By Richard Johnson.
On June 2, 2017, the Supreme Court of Canada rendered its unanimous ruling in Saadati v. Moorhead, which drastically altered the manner in which Canadian courts assess damages for mental injuries suffered by a plaintiff.
Background – History of the Case
The context of the case was a car accident in New Westminster, BC, in which Mr. Saadati suffered mental injuries. In fact, the accident was the second of five in which Mr. Saadati was involved and which rendered him mentally incompetent.
The trial court that first heard Mr. Saadati’s claim awarded him $100,000 in damages for mental injury based on the testimony of lay (non-expert) witnesses to the effect that he suffered a personality change as a result of the accident. Specifically, friends and family testified that after the accident, his personality changed significantly and his relationships worsened.
This award was appealed to the BC Court of Appeal, who reversed the trial decision on the basis that damages for mental injury require that the plaintiff tender expert evidence proving that the plaintiff has suffered a “recognizable [or recognized] psychiatric illness”.
Supreme Court of Canada Findings
The Supreme Court of Canada (SCC) disagreed with the Court of Appeal and reversed its decision, thereby restoring the trial judge’s damages award.
In agreeing with the trial court, the SCC made some important findings, which we expect will have a direct impact on employment law. The following summarizes these key points:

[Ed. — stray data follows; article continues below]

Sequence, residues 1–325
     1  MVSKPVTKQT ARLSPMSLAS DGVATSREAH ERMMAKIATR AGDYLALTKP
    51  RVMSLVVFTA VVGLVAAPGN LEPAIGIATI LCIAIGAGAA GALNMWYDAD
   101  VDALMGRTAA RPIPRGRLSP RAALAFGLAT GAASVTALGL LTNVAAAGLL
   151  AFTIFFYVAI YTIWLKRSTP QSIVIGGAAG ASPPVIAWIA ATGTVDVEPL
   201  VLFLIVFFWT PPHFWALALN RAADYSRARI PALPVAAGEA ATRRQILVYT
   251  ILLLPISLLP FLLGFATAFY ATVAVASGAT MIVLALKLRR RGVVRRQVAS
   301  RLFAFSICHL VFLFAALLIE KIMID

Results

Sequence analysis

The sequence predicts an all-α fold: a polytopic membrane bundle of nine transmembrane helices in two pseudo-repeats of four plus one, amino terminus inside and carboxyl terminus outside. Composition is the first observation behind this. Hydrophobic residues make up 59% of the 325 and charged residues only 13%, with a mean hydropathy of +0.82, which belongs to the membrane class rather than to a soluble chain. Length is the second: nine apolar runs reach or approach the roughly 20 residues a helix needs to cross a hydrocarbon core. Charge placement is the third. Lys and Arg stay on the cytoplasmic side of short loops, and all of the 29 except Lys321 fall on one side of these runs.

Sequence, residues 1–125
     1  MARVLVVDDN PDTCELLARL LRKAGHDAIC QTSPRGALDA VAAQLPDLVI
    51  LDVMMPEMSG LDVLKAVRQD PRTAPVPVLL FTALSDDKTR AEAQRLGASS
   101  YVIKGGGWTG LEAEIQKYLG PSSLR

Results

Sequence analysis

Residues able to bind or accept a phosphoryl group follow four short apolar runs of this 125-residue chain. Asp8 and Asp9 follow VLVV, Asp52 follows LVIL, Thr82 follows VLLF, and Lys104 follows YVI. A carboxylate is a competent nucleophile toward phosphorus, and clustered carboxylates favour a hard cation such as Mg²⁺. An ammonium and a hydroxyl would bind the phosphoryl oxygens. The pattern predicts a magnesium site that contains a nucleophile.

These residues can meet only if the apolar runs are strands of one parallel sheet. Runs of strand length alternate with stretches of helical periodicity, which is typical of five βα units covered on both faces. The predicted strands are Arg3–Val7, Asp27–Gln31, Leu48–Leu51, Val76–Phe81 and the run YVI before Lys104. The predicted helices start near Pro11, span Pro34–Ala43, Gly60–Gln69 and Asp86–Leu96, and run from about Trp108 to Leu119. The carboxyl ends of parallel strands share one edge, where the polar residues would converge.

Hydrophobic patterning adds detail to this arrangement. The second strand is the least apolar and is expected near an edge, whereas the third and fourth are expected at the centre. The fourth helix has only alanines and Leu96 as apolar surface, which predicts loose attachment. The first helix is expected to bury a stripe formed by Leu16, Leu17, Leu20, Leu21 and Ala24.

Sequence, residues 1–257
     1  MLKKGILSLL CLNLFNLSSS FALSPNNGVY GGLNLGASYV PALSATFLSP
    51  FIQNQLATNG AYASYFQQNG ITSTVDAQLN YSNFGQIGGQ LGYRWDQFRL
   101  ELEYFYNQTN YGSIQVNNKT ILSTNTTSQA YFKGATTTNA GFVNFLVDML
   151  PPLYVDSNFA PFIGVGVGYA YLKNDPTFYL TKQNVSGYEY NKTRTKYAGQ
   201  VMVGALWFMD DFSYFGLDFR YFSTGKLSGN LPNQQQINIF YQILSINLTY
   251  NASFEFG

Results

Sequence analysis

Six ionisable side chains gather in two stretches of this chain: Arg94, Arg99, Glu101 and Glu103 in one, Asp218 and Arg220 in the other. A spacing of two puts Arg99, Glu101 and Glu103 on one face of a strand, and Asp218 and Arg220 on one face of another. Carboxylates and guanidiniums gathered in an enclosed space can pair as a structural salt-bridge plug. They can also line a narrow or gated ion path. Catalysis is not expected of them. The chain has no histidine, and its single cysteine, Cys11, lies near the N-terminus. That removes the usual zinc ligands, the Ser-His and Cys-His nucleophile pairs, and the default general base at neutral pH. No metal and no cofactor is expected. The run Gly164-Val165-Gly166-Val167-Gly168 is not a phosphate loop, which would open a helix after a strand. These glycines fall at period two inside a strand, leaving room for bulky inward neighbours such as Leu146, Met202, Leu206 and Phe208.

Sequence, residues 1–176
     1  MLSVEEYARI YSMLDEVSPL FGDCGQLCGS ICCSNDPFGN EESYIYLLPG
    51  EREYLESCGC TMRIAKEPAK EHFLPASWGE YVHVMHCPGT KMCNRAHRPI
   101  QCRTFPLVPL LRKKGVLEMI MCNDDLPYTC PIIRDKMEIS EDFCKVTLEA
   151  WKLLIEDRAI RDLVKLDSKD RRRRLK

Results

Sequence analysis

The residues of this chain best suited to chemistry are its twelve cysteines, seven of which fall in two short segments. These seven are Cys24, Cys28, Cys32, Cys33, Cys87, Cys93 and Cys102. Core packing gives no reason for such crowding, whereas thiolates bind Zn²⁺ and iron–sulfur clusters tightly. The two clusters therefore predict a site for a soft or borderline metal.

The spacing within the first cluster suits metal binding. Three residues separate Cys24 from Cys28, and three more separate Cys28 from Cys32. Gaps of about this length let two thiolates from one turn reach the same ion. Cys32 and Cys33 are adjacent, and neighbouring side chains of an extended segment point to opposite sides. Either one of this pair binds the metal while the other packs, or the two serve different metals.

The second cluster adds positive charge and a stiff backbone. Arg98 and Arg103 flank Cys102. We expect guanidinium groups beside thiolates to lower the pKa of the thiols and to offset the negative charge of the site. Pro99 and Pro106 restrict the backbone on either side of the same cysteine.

- The SCC has never required a claimant to show a recognizable psychiatric illness in order to recover damages for mental injury and to do so now would not be advantageous.
- Since plaintiffs are not absolutely required to provide expert evidence of a physical injury, it would not be appropriate to require that they prove “a recognizable psychiatric illness” to recover damages for mental Such a situation would provide less protection to those with mental injuries than those with physical injuries “for no principled reason”.
- Given the evolution of psychology and changes in recognized diagnoses over time – for example, until 1973, homosexuality was considered an actual “psychiatric disorder” – it would be perilous for the Court to firmly require that a plaintiff prove with expert evidence that s/he fits within a defined diagnosis.
- The fact that different experts will have differing opinions on diagnoses mitigate against a rigid requirement for expert evidence of a recognized psychiatric illness.
In summary, the SCC took a significant step forward in recognizing that mental health is essential to our society. At paragraph 23 of its decision, the Court stated that “[t]he loss of our mental health is a more fundamental violation of our sense of self than the loss of a finger”.
It also made clear that the courts must and will not treat mental injury differently than physical injuries. Expert evidence, while helpful and perhaps necessary in some cases, is not legally required to prove a mental injury.
Employment Law Implications
We are seeing an increasing frequency of employment cases involving allegations of bullying and harassment, which often include claims for mental distress or mental injuries.
The Saadati decision is therefore welcome news for employees pursuing such claims, as it will allow a court to consider non-expert evidence – such as evidence of one’s family, friends and co-workers about the fallout from a traumatic workplace situation – as proof of the mental injury. Furthermore, the decision is a large step in recognizing and addressing mental health concerns in Canadian society.
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